New Look for Terrain Race

Photo credit: Justin Muir for Terrain Race.

A New Look for Terrain Race

Review Submitted by an OCR Community Member.   Find him on IG @buckar00_banzai  Photo Credits: Justin Muir for Terrain Race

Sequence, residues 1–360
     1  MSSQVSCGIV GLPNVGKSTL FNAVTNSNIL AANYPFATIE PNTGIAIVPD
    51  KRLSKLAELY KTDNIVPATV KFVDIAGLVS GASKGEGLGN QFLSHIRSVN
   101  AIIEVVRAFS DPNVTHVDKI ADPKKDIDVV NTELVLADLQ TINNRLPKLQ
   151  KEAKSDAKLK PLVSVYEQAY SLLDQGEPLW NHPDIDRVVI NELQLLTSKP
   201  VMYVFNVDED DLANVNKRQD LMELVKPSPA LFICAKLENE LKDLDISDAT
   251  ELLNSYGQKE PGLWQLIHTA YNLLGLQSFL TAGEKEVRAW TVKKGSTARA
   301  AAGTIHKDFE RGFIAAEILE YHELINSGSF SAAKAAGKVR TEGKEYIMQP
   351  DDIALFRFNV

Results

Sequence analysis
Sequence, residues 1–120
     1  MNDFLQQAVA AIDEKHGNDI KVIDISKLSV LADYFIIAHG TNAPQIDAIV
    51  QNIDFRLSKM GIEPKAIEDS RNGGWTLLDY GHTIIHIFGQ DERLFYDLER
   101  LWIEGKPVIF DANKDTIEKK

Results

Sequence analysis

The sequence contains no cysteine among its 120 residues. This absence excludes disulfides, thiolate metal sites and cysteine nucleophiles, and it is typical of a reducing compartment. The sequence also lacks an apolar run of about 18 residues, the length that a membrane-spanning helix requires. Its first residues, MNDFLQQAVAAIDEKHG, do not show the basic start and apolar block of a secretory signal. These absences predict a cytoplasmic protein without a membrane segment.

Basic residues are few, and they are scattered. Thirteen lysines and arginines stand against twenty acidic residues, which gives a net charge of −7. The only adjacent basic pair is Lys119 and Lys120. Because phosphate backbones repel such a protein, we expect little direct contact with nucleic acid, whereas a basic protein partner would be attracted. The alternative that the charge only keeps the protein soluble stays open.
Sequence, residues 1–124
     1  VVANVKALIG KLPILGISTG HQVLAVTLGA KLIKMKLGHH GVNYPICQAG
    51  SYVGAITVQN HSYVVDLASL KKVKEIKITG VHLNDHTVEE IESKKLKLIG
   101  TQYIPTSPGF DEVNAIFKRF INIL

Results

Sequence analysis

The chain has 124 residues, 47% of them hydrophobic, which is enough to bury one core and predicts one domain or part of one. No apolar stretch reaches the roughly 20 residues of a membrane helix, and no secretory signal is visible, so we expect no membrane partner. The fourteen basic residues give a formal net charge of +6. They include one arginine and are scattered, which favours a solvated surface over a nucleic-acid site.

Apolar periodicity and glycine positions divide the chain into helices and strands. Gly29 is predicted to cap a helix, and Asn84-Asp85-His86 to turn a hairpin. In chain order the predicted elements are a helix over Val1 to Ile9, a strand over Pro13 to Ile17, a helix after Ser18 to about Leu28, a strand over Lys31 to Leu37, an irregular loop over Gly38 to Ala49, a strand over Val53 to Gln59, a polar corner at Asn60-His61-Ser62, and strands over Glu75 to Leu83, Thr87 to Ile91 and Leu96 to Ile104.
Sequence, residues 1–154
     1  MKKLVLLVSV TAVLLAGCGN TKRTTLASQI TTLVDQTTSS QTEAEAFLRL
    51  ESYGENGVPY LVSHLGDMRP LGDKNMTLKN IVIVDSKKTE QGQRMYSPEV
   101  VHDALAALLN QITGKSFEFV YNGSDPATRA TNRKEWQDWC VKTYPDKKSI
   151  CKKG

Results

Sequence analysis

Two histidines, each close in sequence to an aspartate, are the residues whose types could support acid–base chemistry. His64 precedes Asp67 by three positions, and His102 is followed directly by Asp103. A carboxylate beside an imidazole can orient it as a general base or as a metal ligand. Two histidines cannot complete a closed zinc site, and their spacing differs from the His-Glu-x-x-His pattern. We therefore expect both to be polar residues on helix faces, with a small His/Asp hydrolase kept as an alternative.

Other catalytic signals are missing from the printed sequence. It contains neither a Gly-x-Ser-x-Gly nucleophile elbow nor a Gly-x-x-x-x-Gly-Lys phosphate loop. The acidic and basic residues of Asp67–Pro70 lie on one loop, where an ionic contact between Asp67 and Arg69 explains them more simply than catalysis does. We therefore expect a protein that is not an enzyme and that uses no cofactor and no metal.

The Terrain Race has been redesigned.  Apart from the Mud Monkey logo, Terrain Race is almost unrecognizable under its new ownership. Many of you have probably gotten wind of all the free races being given out by Terrain as they’re giving the brand a facelift (including the changing of brand colors from orange and black to red and blue).  The free races are not a sign of financial trouble, rather it’s the new ownership trying to build up their base and showcase the new product. Just seeing them actually having a social media presence has been a promising change. All of the wooden obstacles (except for the walls) have been replaced with aluminum-framed structures. Their signature Tarzan Traverse is still around, but the monkey bars over the pool are gone, as are the pools at the starting line. I have mixed feelings on the start line pools being gone because they added an element of uniqueness to the brand. On the other hand, that drop from the monkey bars into the pool was well-loved and will be missed. The current monkey bars, rope climb, vertical cargo, and multi-rig are similar in scale to what you’d find at a Spartan Race. This fact, coupled with the almost non-existent wait lines at obstacles, made this a perfect opportunity to get some obstacle practice in. Photo credit: Justin Muir for Terrain Race.There are no competitive waves planned for this year, but running multiple laps wasn’t an issue and we cranked out 2 laps before calling it a day. After speaking with Colin, the Race Director, it sounds like competitive waves or specific races (series) marked as competitive may be on the horizon, but nothing is planned for this year.Photo credit: Justin Muir for Terrain Race.       It’s a good course to just go have fun on. Don’t show up expecting the grandeur of a Spartan Race or Tough Mudder, or expect to see world class athletes toeing the line; rather it is a family-friendly course that is great for beginners or first timers. The overall vibe seemed positive, with lots of groups and families running the course.  As before, Terrain remains open to kids as young as seven allowed on the course. Although I didn’t get to see any of the action, there was also a kids’ course set up off to the side. My only complaint: at least at the Tucson venue, the course seemd to be well short of a 5k with my Suunto logging the course at only 2.4 miles. Photo credit: Justin Muir for Terrain Race. The Terrain Race in Tucson, Arizona was my first ever OCR and that venue will always hold a special place in my heart, but it was weird not seeing Lashay Marks and his red mohawk with a mic in his hand motivating everyone at the start line. It’s all about mindset. Enjoy Terrain for what it is, rather than what it isn’t.   You can find a list of upcoming races on the Terrain Race website, by clicking here.  There is no shortage to choose from! Will you be attempting the newly overhauled Terrain Race?   2019 Terrain Race medal   (OCRRacers.com reached out independently to Terrain Race to obtain the related images for use in this article, and the photos do not belong to OCRRacers.com or the person that wrote this review. Photo credit goes to Justin Muir for Terrain Race, and any permission for further use of the photos in this article should be obtained by Terrain Race).            

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